‘The Struggle’

Tenth Avenue North introduces album

Christian band Tenth Avenue North will return to Liberty University for the fourth time Friday, April 12 for a concert held by Student Activities in the Vines Center as a part of their “The Struggle” tour. Named after the band’s most recent album, the title holds a deeper meaning for a group of musicians who have experienced their share of struggle.

Tenth Avenue North lead singer and Fredericksburg, Va. native Mike Donehey has experienced his share of tough times. During his senior year in high school, Donehey was in a car accident that left him with a broken back and multiple other injuries. According to Donehey, it was during this time that he picked up the guitar and chose to express himself through music.

“I consider myself blessed in that it never really produced an anger in me,” Donehey said. “It made me think that, if I’m looking at another person, that person is there because God is giving them breath. So, it really just kind of woke me up to the mystery of life and just how amazing it is that anyone is alive around us. It had a profound effect on me and sobered my conscience.”

Looking back, Donehey said that he would not be where he is his today without the accident.

“‘The Struggle’ is a fitting mantra for us in view of everything we’ve been through,” Donehey said. “But isn’t it funny (that) when you look back at the really hard times, those are often the best times? So, the struggle isn’t all bad.”

According to Donehey, the band spent the better part of eight years driving to concerts in a van, forcing them to sometimes get creative with things like food choices.

“If you were eating Taco Bell, that was like a fancy night,” Donehey said. “I remember in our first summer tour, I was actually making peanut butter and jellies in the back of the van out of the cooler of food that we had because we couldn’t afford to stop for fast food. We didn’t even have any knives, so I was like making it with my fingers. Of course, I didn’t tell the guys that until after they ate the sandwiches I made.”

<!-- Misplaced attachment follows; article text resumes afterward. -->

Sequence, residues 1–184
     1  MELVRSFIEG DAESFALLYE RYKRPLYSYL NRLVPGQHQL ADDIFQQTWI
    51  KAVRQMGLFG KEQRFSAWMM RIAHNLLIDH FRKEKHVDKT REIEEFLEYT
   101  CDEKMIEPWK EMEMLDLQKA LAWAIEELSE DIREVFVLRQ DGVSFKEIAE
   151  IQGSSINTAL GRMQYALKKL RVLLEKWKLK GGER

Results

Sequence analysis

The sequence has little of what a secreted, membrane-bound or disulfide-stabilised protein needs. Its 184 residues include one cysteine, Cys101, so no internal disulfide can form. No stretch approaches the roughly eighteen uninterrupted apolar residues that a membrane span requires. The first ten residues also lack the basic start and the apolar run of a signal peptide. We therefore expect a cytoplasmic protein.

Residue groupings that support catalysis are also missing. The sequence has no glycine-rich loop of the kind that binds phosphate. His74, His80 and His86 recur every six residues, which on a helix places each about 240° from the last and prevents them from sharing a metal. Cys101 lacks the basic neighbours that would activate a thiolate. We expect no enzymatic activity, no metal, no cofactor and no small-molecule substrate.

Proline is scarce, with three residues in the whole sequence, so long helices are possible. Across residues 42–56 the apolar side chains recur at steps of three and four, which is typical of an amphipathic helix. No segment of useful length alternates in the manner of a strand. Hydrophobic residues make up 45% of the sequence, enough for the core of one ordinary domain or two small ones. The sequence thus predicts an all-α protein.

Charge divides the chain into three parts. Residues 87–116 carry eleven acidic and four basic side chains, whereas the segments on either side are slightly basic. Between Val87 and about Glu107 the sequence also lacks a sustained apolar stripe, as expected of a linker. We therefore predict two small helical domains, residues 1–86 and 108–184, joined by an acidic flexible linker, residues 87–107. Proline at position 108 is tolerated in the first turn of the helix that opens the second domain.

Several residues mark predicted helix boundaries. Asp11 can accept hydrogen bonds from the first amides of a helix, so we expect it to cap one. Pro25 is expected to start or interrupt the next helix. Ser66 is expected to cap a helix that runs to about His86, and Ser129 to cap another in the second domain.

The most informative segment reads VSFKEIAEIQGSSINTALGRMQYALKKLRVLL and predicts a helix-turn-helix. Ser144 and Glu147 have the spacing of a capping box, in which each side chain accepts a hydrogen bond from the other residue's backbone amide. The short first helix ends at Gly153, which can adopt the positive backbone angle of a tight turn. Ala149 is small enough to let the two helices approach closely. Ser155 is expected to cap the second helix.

Donehey also said that the band chose to name their album “The Struggle” because God’s grace gives freedom to people struggling to be free from their sin, but also because grace means that Christians are free to struggle and fail with the assurance that God will always forgive them.

After recovering from his car crash and graduating from high school, Donehey said that he considered attending James Madison University for theater, but after a short visit, he chose to attend Palm Beach Atlantic College in Florida.

“I still majored in theater, so now I can at least act like I’m a really good musician,” Donehey said with a laugh.

According to Donehey, he and Tenth Avenue North drummer Jason Jamison met and started playing music together during Donehey’s freshman year. The next year, Donehey and Jamison lived one room apart from each other near Tenth Avenue North, the street for which they eventually named their band.

“The last thing (that) I thought I would be doing is singing and making music for a living,” Donehey said. “Kids taught me how to play guitar in the dorm room, and I started writing songs.”

As the band began gaining popularity, the struggle continued for Donehey and the rest of Tenth Avenue North.
According to him, constantly being on the road and working with the rest of the band took some work. He even compared being in a band to being married to four other people.

The band’s current tour will come to an end in April, but according to Donehey, they are planning to spend their summer playing at festivals, vacationing and working on a new Motown-style Christmas album.

According to Donehey, exploring Lynchburg is one of his favorite things to do when Tenth Avenue North comes to town.

“You know what I really dig there? I like going to downtown Lynchburg and hitting up the White Hart. That’s a great spot.”

Even though the White Hart’s owner announced that it will close March 30, Donehey was still enthusiastic about the prospect of playing to a packed Vines Center.

“I’m excited to play to a bunch of Liberty students in there and see if you guys know how to party,” Donehey said.

For more information about Tenth Avenue North’s upcoming concert, visit liberty.edu/sa.

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